Reducing Grunt Work
Whether a scientist takes due diligence frontloading proposal work, which upon the preponderance of evidence suggests that there's a foothold on which to stand lingering there in the aether beyond; or an investigator operates on pure serendipity, repetitively making materials and trying conditions until a set of parameters sticks; either way, there's a considerable amount of ad nauseam overhead that can build up when pursuing the completion of a research project. As a researcher, it's important to be able to fuel your sense of creativity when it comes to your science. Unfortunately, the inevitable routine grunt work that is characterization can squash that creativity in a heartbeat if you're not careful. The research project which I personally joined when arriving at UMKC was one with such tedious quantity of overhead. Most of the overhead however was solved by implementing the following guideline, and it's allowed me to spend more time in the lab having fun:
Offset as much work as you can to your computer.
I.E. learn to code.
My work with Microwave Absorbing Materials can essentially be boiled down to the following equation:
Where the materials which are good microwave absorbers will generate reflection loss values via the given formula of at least 10db. The input parameters, complex permittivity and permeability, frequency, and thickness, are derived experimentally, where the complex parameters as a function of frequency are given in tabulated form so to calculate the RL value. Given such, to do a full analysis one would compute RL value to the order of a product of the number of frequency values tested and the thickness values passed through the d variable. For 400 frequency points between 1 and 18GHz, and for 39 thickness values between 0.1mm and 4mm, the resulting calculation would require 15,600 iterations.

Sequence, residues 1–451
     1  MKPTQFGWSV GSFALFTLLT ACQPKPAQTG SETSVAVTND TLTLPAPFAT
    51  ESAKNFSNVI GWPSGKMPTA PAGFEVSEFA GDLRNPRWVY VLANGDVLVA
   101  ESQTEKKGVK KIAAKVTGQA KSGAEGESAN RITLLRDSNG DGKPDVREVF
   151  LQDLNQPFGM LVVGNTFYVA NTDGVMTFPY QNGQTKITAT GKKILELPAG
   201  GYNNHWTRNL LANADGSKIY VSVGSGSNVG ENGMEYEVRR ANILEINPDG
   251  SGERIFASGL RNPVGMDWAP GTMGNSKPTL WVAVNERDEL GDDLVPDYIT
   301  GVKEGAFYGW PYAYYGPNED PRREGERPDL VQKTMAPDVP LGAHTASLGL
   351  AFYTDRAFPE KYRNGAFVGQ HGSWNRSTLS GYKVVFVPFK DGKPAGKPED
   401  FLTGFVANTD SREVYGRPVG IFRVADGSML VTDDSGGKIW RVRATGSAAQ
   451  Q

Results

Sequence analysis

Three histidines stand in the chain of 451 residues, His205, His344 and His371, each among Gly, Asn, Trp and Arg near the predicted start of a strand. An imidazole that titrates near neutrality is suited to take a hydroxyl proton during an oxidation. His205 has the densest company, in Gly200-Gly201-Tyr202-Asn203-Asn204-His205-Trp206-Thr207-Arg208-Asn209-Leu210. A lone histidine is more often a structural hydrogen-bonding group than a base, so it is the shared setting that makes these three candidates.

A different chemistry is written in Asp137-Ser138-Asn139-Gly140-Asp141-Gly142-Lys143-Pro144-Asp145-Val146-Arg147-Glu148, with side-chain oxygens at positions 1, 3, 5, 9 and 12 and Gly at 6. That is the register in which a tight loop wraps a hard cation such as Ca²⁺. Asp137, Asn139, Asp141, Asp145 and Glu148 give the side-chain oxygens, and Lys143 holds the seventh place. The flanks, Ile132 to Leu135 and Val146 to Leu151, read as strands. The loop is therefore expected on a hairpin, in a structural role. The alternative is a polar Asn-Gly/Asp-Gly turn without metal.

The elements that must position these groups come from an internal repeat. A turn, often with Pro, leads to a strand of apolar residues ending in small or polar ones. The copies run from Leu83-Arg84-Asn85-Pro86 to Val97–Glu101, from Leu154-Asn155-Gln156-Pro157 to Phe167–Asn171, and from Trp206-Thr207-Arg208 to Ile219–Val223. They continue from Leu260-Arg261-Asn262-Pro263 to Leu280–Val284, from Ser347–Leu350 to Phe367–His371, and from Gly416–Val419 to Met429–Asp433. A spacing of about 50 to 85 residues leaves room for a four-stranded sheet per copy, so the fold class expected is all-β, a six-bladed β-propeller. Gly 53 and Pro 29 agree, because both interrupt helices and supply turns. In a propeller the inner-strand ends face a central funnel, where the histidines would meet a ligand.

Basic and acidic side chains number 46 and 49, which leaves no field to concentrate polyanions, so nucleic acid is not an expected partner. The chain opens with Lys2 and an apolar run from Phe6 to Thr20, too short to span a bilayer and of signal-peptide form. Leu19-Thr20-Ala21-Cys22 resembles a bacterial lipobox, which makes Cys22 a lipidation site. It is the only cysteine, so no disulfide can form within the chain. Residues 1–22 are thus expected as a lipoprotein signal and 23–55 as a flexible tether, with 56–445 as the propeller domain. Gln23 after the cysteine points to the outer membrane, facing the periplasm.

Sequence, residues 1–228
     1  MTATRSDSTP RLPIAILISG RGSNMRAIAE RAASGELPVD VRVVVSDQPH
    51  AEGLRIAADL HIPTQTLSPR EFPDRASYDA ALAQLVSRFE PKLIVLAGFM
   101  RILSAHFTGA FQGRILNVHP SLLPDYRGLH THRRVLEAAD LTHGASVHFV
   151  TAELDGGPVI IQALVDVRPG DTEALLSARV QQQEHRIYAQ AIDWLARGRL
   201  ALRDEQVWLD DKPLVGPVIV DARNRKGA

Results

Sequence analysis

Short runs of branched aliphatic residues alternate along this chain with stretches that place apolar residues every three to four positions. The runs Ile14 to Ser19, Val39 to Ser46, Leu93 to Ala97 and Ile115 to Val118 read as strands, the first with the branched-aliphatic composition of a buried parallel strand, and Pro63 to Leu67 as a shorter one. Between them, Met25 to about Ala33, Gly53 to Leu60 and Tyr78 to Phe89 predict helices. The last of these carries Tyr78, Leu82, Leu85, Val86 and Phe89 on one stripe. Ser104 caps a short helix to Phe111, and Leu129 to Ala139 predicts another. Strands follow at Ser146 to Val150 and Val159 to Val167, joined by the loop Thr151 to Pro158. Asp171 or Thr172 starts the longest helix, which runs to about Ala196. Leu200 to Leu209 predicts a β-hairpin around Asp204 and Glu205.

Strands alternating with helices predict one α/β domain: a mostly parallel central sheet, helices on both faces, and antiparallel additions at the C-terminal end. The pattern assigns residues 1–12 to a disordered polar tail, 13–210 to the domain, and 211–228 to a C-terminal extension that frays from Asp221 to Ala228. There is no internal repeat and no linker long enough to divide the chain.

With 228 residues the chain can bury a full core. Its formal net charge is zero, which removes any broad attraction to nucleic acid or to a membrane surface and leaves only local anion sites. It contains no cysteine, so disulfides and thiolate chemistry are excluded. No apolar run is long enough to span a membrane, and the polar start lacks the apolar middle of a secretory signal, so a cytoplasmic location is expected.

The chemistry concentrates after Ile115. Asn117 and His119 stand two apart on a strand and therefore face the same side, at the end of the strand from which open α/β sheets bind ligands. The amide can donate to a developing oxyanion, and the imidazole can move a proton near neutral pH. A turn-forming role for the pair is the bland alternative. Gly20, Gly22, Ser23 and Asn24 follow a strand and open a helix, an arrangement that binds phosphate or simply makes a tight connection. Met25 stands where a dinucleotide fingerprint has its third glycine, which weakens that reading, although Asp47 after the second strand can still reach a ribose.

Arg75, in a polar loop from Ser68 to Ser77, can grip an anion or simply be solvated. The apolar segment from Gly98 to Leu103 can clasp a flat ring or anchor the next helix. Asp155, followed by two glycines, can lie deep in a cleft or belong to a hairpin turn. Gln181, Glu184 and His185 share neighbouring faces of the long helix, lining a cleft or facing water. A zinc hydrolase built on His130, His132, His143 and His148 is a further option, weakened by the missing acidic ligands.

That's a lot of iterations.
Luckly, this is an example of where a few lines of code can offload all of this busywork off to a computer. A programming language such as Python can be utilized so to define the previous function as a simple iterative computation not unlike the following:
for i in np.arange (0, 4, 0.1):
for k in np.arange(0, freq.size)
z.append(RL(k,i))
y.append(freq[k])
x.append(i)
It would take me forever to do the same number of calculations that my computer here ran in 20 seconds. And furthermore, no artistic training in the world could allow me to visualize z, y, and x in the same manner which can be done by the Python package Matplotlib:
There is a fair bit of extra coding that goes into generating such an image, but nevertheless, the point at which I'm trying to get at is that when undergoing a research project, it would be extremely beneficial to utilize mechanisms of order so you can maximize the time you have for freedom to be creative.
There's a lot more that you can do with computers than simply iterative computations. But regardless of how you use this tool, utilizing the full capacity of a computer is an extremely powerful way to ease the burden of grunt work. When you're able to do such, it gives you freedom to spend more time at the fume hood seeing if you can discover something new.

If you're a scientist interested in picking up a coding language, consider looking into working with Python. The code, developing environment, packages, and tutorials are mostly if not all open source thus free to use. If you want to get started quickly, I'd recommend the data science platform Anaconda as a quick way to get everything installed so to be up and running in no time. Furthermore I'd also suggest working in the interactive development environment called Spyder, it allows you to edit, test, debug your code relatively quickly, and it comes included when you download Anaconda. I've included some helpful links below.